William Wallace Proof of the Butterfly Theorem
In a letter to William Wallace, dated 7 April 1805, Sir William Herschel - the discoverer of Uranus and its two major moons, Titania and Oberon - wrote:
I have kept a little problem for you which a friend of mine has sent me who says he cannot find a solution of it. I mentioned to him that I had a friend who would probably help him to one. The problem is this. Given AB the diameter of a circle. CD a chord cutting it at right angles in K. EF, and HG two other chords drawn any how through the point K; and HF, EG chords joining the extremes of EF, HG. Required to prove that MK is equal to LK.
Until very recently, this is the first recorded mention of the Butterfly theorem. The previous record, according to [Coxeter and Greitzer] was the 1815 solution by W. G. Horner of Horner's method fame. Wallace solution appears to predate that of Horner by 10 years. Sir Herschel's letter may has been thought to be the original source of the problem. However, the latest discovery of a 1803 publication with W. Wallace's posting of a generalization of the problem shows convincingly that Wallace has been aware of the problem that is known now as the "Butterfly Theorem" as early as 1802.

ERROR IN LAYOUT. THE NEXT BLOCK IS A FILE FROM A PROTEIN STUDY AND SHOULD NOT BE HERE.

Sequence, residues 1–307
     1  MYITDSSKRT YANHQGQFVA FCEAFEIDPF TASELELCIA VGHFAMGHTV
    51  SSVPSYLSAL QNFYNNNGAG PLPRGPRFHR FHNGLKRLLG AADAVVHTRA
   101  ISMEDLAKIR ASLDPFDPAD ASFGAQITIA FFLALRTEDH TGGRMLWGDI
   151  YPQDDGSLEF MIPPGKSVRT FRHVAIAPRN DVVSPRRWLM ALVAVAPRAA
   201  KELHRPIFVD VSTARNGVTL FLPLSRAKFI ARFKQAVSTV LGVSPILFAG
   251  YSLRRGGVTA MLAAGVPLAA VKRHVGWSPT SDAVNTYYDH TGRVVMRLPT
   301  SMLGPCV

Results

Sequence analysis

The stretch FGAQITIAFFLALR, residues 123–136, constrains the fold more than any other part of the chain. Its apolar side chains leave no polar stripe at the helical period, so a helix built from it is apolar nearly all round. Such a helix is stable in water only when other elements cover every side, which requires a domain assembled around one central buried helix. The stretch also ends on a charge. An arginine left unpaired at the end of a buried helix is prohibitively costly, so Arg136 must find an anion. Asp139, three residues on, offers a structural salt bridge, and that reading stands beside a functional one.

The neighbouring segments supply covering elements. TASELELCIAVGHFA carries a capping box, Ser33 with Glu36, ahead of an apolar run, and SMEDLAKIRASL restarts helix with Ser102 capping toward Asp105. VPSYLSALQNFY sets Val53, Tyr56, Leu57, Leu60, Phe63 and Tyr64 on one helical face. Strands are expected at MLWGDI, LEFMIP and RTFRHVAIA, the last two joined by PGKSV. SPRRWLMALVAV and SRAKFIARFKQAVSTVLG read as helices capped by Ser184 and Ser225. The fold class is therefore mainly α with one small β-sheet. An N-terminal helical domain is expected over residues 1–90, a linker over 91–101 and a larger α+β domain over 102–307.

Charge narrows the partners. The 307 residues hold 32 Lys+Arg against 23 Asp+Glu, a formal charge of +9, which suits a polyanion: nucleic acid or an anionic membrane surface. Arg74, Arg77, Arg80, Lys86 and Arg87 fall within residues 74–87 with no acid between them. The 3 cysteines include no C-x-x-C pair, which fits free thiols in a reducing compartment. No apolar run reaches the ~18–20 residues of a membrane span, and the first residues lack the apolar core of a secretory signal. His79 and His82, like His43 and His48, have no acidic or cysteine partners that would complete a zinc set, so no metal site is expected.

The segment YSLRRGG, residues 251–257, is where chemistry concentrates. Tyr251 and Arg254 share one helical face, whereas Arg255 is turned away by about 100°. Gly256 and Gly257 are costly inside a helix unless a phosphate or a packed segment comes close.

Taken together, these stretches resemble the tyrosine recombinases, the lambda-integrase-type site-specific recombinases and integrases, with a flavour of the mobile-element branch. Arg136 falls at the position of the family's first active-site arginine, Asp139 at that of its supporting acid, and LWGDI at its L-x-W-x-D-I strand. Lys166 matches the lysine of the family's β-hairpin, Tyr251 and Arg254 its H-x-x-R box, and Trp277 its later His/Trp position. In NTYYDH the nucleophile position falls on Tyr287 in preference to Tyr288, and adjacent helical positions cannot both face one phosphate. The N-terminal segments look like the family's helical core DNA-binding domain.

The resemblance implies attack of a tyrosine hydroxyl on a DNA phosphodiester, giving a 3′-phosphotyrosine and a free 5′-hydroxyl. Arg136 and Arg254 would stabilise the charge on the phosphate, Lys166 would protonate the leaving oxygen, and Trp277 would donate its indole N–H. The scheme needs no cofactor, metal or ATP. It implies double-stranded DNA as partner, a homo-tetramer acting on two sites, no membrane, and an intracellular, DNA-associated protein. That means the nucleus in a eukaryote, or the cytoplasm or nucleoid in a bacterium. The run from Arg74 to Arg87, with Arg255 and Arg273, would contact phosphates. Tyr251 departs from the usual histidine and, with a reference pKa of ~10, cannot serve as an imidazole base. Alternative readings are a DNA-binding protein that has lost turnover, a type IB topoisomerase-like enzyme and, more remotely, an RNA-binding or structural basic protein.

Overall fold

What follows is the original solution by William Wallace as was recently published in the Journal of the British Society for the History of Mathematics:
- H. S. M. Coxeter, S. L. Greitzer, Geometry Revisited, MAA, 1967
- Alex D D Craik and John J O'Connor, Some unknown documents associated with William Wallace (1768-1843), BSHM Bulletin: Journal of the British Society for the History of Mathematics, 26:1, 17-28